1. Lightweight in memory consumption (must use minimal resources and it must kill itself – to free up system resources)
  2. Invisible/transparent (no UI)

 
Basically, I wanted to click an app icon on one of my home screens and have the app do the following, in order…

  1. Launch app (invisible/transparent)
  2. Execute some action(s)
  3. Destroy itself (to free up memory)

 
I am aware that Android Widgets provide similar functionality, but Step 3 was not possible (correct me if I’m wrong here). Again, my specs require the app to destroy itself, not run in the background like Widgets can. As a result of these requirements, I figured out a way to achieve my goal. I leave you with How to Create Transparent Apps with Android.

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Introduction

If you are interested in setting up AIR 3.2 in FlashDevelop, I highly recommend checking out this document created by Rosario Azzarello of http://www.gamedesign.ch/. The directions worked great for the most part, though there were three things I needed to change to make it work. I would suggest trying his directions first, but if it doesn’t work you can try what I did. There were three core things I had to do to get it working…

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These directions are for Windows machines but they should work for Mac as well. The only difference should be the file system paths.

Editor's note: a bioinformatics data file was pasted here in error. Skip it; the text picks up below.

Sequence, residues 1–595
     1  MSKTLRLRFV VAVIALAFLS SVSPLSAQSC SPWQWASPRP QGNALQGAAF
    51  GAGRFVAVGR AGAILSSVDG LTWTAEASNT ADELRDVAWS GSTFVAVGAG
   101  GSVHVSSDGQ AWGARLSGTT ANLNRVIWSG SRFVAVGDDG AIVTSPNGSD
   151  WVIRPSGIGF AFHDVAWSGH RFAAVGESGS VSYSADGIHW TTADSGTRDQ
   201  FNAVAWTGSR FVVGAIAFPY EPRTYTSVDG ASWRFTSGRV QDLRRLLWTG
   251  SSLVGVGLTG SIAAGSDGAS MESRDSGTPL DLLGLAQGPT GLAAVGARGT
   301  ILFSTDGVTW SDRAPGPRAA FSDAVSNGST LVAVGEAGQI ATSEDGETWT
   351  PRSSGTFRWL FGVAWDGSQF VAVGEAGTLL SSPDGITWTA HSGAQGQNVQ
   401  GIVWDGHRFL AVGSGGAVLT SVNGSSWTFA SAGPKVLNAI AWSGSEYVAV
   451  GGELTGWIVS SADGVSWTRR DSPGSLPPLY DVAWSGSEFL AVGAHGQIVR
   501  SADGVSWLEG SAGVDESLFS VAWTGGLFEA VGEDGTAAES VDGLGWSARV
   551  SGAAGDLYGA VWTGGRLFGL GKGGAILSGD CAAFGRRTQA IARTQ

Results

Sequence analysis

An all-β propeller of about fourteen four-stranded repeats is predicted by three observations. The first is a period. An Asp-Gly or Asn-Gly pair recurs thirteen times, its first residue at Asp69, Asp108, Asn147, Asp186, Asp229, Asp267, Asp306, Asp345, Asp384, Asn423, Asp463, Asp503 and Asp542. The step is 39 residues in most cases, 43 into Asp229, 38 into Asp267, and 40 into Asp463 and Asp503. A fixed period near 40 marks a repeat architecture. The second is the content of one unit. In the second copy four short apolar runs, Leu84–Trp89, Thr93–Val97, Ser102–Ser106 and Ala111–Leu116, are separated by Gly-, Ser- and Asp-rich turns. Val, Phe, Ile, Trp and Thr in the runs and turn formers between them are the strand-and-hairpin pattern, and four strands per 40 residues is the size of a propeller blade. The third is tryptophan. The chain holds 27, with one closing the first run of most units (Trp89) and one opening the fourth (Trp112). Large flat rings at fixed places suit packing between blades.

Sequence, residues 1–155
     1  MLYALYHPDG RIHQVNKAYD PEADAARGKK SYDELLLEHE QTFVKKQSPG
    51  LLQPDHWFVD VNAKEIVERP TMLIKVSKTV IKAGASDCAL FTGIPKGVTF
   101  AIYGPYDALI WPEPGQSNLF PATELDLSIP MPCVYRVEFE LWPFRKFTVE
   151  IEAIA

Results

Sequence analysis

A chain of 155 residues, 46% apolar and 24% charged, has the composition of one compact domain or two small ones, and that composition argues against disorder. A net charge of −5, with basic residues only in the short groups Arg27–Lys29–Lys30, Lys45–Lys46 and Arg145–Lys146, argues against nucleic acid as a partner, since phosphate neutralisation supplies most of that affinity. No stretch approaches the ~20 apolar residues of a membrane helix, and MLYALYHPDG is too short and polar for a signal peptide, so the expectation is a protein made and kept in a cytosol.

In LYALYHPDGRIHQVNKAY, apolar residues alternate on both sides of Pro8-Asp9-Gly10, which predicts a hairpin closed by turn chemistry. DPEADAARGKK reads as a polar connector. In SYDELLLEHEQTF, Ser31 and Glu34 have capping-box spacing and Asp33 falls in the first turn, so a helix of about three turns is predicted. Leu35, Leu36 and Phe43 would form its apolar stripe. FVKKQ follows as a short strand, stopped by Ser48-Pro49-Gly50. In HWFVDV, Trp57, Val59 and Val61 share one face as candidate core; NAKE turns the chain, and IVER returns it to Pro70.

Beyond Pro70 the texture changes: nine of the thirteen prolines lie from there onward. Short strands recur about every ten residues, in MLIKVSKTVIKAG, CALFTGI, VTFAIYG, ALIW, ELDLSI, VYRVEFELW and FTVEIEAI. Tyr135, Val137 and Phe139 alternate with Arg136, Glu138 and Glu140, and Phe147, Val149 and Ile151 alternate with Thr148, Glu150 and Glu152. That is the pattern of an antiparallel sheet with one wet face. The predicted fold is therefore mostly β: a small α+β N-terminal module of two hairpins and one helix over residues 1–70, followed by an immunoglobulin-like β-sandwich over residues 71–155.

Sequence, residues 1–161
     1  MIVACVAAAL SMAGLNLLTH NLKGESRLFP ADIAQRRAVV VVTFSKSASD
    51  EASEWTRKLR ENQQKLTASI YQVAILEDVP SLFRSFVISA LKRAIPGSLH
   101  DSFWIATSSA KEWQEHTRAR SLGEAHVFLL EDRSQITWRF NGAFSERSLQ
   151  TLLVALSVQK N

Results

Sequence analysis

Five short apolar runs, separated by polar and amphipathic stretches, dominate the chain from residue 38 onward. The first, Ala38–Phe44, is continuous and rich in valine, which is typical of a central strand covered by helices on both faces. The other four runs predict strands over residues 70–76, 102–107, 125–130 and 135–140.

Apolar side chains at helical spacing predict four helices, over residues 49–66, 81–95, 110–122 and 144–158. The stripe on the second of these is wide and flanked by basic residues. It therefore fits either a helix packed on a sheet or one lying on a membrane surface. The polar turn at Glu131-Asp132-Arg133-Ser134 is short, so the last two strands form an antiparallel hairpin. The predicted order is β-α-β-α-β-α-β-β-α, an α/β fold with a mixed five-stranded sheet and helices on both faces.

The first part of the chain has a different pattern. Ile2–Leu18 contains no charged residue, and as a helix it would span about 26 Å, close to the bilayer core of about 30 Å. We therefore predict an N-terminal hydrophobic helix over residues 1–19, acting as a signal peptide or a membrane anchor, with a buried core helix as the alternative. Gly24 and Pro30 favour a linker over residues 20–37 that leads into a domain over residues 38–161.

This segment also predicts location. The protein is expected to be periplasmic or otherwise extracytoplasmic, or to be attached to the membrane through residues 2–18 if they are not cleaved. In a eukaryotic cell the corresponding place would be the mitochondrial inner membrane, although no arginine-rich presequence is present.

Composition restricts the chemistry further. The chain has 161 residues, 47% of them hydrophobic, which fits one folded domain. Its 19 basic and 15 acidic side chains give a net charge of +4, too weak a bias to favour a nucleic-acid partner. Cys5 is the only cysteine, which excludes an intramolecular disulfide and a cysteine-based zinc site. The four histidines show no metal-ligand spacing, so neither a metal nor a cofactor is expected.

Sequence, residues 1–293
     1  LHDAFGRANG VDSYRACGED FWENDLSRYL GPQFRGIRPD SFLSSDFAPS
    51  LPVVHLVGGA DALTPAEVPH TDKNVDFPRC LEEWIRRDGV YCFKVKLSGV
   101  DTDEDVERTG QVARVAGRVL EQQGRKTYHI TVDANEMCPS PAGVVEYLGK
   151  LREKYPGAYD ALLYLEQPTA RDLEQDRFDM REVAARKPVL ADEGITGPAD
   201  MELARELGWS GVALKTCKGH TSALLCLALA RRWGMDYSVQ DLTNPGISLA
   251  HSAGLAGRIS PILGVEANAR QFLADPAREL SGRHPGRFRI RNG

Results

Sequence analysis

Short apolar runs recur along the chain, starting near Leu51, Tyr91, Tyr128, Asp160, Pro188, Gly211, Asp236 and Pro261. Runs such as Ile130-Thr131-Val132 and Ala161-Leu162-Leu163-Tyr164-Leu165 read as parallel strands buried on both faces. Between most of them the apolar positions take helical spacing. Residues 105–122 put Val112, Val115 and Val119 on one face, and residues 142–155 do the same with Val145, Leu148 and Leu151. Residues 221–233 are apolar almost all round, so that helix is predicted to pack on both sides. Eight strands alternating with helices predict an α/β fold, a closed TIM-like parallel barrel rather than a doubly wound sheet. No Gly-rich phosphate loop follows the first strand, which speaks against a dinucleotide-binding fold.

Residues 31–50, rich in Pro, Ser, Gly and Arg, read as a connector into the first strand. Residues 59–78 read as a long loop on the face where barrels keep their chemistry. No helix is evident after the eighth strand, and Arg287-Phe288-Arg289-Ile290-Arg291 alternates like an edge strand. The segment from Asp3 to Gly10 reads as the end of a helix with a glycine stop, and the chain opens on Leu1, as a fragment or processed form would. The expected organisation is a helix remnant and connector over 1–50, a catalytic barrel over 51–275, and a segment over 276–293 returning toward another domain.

Introduction

I”ve been testing the new capabilities of Flash Player 11.2 (and FP11 for that matter) and the addition of Stage3D is sick. You can get a breakdown of all the new additions from the release notes found here.

Anyway, I’ve noticed on forums that <many>some</many> people don’t use Flash Builder (I use/love FlashDevelop by the way) and have a hard time targeting newer runtimes of the Flash Player in Flash Professional. As a result I want to show you how to target newer Flash Player runtimes (specifically FP11.2) using Flash Professional CS5. I can attest that this solution works for both Flash Pro CS5 and CS5.5. It may just as easily work for Flash Pro CS4 and earlier, I just haven’t tested it (let me know if you get it to work). This also is not specific to targeting FP11.2, you should be able to do this for any new Flash Player release. Let’s get started.

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This post assumes you have a Google Analytics account.

Introduction

This is a follow up to my previous post Tutorial: Tracking Browser Content Window Size with Google Analytics (1 of 2) where I explained how to incorporate a tracking scheme to read and record your site’s visitors browser dimensions (as opposed to screen resolution). This is powerful because you get data which informs you of the viewing area of the browsers of your visitors. You can come to your own conclusions with how to use your data, but you can quickly get an idea if certain content is out of your visitors viewing area and/or if your layout and design are as efficient as they could be. That said, I will now explain how to view this data in Google Analytics.